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Tutorial Image Masking Using Photoshop

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Photo editing is a necessary aspect of the photographic process. Image masking can help you quickly isolate a subject or make selected modifications to transform a mundane photograph into something more engaging.

I’ll show you how to do many forms of picture masking in Photoshop and Lightroom in this guide. These aren’t the only image editing tools that include picture masking capabilities, but they all work in a similar way. Let’s get started! 


What is Image Masking?


The process of modifying or deleting a picture background is known as “image masking”. Photo editors utilize a variety of masking techniques. To remove an image from its original background and replace it with a new one. Furthermore, a model may be photographed against an unfavorable backdrop. The publisher may request that the background be modified if the photographs are to be used for advertising.

As a result, to isolate the backdrop, one must utilize an image masking process. The picture editing procedure can be utilized if the photos need to be modified.




In picture editing, what are masks used for? In photo editing, image masking is really important. Masking an image is a vast activity.  This vast activity can be summarized as below:

  • Combining many pictures in a photo
  • Using selective modifications to hide all or part of a layer
  • Creating cut-outs (removing backgrounds)
  • Working without causing harm
  • Transparencies are added.

Types Of Image Masking Techniques on Photoshop


Here in this article, we will give a brief description of how to do image masking on photoshop. Because photoshop is really a great photo editing software. If you learn how to mask an image on photoshop then it will be easier to do it on other software as the process is almost the same.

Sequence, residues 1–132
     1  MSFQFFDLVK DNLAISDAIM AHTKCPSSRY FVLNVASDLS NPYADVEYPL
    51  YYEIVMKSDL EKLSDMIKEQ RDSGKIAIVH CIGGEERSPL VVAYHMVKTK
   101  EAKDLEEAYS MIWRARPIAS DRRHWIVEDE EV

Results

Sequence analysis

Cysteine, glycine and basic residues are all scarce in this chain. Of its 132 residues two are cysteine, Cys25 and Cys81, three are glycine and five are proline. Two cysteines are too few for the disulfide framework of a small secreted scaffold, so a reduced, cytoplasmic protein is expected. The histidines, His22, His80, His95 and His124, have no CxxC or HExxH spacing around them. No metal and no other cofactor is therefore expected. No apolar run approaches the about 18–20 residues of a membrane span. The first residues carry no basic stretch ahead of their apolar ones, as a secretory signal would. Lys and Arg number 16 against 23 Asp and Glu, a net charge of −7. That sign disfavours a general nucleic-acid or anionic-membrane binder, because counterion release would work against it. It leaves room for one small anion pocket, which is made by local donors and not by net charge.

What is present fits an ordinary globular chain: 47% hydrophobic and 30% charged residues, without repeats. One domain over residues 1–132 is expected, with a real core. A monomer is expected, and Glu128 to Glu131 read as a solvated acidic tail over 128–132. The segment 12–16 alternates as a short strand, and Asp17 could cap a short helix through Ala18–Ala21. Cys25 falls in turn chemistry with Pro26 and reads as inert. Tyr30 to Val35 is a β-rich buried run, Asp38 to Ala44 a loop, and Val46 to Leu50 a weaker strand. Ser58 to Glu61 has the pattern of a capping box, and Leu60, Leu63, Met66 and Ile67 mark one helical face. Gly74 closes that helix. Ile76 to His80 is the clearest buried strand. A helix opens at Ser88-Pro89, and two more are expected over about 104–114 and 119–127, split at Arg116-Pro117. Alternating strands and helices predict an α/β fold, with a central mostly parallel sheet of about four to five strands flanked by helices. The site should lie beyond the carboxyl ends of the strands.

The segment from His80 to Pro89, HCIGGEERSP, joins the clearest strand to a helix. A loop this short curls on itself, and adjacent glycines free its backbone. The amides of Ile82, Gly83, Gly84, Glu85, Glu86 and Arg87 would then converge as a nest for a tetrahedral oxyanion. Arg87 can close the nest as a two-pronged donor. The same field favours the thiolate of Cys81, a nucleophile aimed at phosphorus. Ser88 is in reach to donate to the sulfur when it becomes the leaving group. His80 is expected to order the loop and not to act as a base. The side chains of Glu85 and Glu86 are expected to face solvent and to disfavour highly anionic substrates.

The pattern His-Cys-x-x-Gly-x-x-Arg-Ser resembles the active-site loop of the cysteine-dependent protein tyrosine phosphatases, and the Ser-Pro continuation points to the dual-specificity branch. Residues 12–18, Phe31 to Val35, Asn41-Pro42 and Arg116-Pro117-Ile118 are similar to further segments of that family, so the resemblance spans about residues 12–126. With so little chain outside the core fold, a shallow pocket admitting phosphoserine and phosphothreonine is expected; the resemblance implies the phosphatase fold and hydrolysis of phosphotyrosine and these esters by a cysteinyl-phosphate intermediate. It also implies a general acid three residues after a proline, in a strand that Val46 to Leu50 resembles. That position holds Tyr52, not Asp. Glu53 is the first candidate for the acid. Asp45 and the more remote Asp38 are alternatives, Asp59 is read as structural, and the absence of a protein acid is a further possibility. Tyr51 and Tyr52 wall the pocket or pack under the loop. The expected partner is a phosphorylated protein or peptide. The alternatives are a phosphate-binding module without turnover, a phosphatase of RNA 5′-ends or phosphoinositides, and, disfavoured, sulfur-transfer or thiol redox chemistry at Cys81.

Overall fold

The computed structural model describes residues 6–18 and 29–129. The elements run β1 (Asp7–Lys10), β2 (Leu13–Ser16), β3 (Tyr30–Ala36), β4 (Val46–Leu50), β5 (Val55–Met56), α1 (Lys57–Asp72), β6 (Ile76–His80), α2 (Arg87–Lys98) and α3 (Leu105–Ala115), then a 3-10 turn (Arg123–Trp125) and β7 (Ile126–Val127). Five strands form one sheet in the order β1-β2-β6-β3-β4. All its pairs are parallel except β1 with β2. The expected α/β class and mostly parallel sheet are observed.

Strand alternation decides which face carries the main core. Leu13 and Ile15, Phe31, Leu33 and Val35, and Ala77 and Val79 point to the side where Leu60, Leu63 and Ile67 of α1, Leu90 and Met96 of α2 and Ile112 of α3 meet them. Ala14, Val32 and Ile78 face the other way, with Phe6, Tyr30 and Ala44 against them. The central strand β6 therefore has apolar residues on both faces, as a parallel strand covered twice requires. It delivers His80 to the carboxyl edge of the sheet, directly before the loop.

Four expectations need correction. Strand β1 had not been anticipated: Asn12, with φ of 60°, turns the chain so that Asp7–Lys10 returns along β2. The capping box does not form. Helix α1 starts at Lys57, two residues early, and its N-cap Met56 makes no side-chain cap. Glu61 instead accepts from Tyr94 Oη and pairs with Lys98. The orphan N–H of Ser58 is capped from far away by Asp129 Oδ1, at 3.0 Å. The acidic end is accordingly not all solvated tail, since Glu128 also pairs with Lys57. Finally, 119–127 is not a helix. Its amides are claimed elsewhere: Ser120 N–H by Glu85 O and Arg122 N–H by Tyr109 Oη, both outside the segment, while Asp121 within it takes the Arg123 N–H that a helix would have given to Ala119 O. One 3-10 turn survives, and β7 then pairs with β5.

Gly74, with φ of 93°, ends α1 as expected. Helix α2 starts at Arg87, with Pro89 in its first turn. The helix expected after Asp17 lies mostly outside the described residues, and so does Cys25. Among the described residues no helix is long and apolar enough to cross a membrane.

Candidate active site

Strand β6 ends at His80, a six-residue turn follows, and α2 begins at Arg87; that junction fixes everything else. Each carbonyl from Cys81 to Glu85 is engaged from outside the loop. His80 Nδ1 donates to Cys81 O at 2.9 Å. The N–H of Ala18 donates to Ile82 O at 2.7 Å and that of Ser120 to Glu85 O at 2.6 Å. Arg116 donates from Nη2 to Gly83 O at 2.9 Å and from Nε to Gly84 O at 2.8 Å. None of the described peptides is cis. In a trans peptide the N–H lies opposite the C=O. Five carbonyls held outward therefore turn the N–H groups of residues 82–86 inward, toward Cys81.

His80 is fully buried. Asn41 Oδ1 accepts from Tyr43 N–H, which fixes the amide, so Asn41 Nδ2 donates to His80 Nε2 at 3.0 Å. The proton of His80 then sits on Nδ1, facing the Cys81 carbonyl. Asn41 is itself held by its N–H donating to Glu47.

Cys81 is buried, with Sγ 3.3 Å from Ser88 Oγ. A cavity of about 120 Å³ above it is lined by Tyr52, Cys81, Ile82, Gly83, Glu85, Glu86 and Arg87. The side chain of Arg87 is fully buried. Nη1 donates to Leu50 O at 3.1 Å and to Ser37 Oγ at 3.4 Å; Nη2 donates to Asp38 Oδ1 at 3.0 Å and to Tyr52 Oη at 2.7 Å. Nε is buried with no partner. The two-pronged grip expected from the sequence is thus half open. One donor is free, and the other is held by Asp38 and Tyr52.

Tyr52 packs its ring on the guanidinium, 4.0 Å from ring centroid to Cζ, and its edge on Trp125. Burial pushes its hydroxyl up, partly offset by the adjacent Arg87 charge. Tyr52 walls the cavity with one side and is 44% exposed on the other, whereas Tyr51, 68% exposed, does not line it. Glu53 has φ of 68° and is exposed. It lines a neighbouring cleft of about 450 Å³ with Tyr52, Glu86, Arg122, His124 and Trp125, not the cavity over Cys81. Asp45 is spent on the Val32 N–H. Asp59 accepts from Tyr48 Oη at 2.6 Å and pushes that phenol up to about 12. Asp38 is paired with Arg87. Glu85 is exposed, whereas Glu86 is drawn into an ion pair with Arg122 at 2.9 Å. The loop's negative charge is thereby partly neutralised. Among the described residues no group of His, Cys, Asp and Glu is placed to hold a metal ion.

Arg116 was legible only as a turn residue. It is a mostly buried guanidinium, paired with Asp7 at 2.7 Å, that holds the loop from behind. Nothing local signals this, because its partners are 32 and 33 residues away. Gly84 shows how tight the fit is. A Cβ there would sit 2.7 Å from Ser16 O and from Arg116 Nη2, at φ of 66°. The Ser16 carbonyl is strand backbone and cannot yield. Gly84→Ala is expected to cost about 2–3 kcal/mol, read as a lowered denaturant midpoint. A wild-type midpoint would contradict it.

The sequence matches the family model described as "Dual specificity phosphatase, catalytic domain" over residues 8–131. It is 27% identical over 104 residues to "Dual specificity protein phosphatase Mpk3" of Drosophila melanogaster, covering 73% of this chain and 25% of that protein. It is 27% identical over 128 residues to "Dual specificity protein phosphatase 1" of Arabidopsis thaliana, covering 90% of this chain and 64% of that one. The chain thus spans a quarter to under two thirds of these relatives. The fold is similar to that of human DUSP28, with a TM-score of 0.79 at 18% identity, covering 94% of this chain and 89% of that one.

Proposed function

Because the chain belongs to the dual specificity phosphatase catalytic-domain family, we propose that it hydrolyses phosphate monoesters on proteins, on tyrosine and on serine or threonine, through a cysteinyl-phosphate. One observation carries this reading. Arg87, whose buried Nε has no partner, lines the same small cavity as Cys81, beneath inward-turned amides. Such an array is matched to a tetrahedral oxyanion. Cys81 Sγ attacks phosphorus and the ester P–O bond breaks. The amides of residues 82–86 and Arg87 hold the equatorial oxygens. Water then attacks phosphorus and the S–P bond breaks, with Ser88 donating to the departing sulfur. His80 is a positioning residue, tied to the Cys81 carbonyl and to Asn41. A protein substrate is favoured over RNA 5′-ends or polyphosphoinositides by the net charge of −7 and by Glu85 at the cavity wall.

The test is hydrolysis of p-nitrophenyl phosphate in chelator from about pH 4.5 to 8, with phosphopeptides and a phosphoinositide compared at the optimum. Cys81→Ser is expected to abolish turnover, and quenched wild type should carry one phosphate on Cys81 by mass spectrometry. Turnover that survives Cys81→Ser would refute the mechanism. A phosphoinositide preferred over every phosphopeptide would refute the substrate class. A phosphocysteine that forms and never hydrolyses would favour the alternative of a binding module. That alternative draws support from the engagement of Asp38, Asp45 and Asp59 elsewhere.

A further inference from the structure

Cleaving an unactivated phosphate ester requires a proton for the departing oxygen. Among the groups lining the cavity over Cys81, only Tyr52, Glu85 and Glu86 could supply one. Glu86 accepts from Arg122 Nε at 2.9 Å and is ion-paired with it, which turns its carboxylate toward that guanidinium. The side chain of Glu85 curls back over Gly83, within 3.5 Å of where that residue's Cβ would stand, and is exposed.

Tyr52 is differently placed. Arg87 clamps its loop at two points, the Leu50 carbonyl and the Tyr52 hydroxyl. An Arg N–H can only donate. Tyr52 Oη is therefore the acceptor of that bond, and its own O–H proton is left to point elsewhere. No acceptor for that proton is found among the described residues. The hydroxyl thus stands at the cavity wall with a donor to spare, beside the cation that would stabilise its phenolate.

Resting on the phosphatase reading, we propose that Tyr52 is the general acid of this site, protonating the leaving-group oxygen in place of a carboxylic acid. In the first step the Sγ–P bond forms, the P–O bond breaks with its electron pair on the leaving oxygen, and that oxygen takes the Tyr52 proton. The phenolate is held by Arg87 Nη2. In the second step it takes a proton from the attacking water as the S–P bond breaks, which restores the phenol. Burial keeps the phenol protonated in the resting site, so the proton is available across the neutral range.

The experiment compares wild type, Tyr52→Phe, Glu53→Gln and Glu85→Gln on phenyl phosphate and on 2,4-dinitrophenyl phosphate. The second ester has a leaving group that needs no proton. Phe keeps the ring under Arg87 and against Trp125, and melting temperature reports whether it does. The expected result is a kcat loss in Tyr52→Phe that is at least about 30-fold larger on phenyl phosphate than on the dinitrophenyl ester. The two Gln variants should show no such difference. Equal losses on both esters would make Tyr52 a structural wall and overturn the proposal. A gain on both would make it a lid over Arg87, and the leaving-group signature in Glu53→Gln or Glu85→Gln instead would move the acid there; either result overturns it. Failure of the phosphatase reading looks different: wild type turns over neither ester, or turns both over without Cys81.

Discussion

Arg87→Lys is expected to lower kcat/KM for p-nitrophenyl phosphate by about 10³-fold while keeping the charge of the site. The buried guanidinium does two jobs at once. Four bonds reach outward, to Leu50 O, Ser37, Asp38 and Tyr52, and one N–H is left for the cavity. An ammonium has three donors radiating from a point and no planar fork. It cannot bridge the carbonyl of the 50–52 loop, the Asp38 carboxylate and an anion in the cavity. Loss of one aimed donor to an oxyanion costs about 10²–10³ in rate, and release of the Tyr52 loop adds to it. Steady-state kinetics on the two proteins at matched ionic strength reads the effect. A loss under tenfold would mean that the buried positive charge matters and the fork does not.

1. Mask the layer in an Image
In Photoshop, this is the most widely used masking technique. Everything in white on a layer mask is visible, everything in black is hidden, and the greyscale provides you with multiple levels of transparency.

If you’re working on a single layer, the sections of the mask that aren’t visible will disclose the checkered pattern, indicating that there are no data. If you’ve ever opened a cut-out — a photo without a background – you’ll know what I’m talking about.

If there is another layer beneath the black area, it is revealed. The gray tones will add transparency to the layer, blending the two photos together. 

Process of Mask layer in Image Masking:  
Choose the two photos you wish to mask and divide them into two layers.
In the Layers panel, select a layer and click the ‘Add layer mask’ button at the bottom. On the selected layer, a white layer mask thumbnail will emerge, displaying everything on the layer.
Select the tree silhouette with the Magic Wand Tool by clicking on the tree layer. The selection should be shown by a dashed white line.
The goal now is to replace the tree’s silhouette with an image of the soil, thus the layer with the mask must be hidden. To do so, click on the layer mask again and paint the selection black with the Paint Bucket Tool. *Make sure the color of the FOREGROUND is BLACK.
Your first layer mask has been successfully applied! To keep the layers and layer mask for future editing, save the image in.psd or. tiff format.

2. Alpha Channel Masking